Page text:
In analyzing a decision — breaking it into two parts, the outcomes and the process — as the organization gains knowledge of what went right and what, if anything, went wrong. Keep in mind that the best decisions can often result in the worst outcomes due to unforeseen factors or unpredictable variables. The knowledge gained through a post mortem analysis of decision processes and outcomes is something that improves future results. Looking at decisions which have good results is as critical as looking at ones that have poor outcomes. Sometimes the outcomes are independent of the decisions and the decision-makers. (Sometimes people get lucky and sometimes they are unfortunate.)

    Because differentiation between the process and the results enables the organization to improve the process of analyzing situations and alternatives to improve future decision-making results, it also enables the organization to reward better decisions and outcomes without penalizing and discouraging those who act and get less than optimal results. Many organizations get caught in analysis paralysis because of real and perceived penalties for acting and not getting the theoretical results expected.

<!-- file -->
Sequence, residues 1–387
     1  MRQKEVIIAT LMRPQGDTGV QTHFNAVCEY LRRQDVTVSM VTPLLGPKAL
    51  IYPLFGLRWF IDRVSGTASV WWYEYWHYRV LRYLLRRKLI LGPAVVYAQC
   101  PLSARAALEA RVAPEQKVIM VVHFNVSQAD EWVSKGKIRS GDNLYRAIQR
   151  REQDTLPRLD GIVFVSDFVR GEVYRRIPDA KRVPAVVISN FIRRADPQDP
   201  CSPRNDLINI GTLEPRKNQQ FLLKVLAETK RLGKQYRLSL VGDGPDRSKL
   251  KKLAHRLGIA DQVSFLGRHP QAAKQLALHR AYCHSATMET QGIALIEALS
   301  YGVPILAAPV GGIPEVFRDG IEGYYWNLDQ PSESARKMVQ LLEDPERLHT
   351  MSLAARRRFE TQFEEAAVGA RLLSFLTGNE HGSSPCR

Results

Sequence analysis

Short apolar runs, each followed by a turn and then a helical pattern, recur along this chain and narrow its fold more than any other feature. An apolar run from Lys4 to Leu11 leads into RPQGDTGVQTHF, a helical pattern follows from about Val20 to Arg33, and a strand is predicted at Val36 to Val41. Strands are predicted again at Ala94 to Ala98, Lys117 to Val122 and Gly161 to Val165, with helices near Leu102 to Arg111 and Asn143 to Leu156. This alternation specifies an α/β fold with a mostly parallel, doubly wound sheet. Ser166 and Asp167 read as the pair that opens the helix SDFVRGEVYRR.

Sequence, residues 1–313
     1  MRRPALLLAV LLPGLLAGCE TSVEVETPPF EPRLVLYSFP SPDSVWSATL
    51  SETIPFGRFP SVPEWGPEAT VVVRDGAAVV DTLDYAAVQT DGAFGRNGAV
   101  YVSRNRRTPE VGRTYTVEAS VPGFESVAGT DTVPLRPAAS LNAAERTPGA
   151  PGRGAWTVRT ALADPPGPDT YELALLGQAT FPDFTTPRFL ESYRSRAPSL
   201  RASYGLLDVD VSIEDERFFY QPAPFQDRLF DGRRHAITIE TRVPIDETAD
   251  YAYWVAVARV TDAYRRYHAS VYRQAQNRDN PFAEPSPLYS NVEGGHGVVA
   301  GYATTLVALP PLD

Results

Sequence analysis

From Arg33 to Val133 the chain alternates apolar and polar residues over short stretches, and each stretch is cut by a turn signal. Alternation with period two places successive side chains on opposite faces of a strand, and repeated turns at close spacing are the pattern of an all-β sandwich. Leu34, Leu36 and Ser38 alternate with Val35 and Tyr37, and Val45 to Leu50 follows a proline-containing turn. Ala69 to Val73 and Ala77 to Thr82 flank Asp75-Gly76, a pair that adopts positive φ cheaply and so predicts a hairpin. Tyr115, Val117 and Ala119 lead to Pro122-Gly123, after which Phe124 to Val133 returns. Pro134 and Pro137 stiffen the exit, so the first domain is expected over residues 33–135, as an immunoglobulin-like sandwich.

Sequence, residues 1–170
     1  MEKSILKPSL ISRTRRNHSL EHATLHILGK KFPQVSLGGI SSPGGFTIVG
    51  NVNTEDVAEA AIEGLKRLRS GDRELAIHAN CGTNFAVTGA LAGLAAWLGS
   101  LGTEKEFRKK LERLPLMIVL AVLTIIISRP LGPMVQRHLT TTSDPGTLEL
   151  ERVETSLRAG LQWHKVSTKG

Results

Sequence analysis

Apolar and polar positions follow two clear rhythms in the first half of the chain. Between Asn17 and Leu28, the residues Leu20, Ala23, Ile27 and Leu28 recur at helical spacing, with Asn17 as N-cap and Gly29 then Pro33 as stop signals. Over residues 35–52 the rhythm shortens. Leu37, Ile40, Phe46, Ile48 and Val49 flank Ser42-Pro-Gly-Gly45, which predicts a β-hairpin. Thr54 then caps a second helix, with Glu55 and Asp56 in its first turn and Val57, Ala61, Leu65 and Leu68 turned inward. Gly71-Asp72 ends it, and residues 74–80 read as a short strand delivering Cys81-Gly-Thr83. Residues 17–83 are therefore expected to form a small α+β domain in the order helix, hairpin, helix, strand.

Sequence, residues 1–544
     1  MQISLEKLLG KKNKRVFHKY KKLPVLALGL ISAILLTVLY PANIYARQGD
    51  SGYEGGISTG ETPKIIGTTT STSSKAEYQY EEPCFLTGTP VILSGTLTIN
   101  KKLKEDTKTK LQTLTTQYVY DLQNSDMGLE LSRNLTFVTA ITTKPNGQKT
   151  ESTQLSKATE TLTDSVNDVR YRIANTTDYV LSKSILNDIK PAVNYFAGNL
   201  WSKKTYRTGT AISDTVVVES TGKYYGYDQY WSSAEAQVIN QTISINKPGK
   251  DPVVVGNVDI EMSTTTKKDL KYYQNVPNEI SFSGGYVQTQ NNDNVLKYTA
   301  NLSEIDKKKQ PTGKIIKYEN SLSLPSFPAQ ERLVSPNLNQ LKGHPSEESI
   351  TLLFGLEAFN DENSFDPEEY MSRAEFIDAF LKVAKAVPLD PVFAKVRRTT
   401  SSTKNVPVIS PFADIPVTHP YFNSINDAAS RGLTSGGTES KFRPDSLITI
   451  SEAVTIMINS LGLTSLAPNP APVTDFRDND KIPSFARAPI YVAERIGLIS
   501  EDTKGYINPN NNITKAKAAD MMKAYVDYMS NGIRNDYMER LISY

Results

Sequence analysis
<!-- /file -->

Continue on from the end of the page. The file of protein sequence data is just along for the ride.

Who Performed?

    One example of differentiating outcomes and decision-making processes is a situation that involves two different projects. Both projects have aggressive performance targets. In the first project, a manager is expected to revamp an existing manufacturing facility and improve production rates and costs – of course, doing so on budget. The second project is the launching of a new version of an existing product.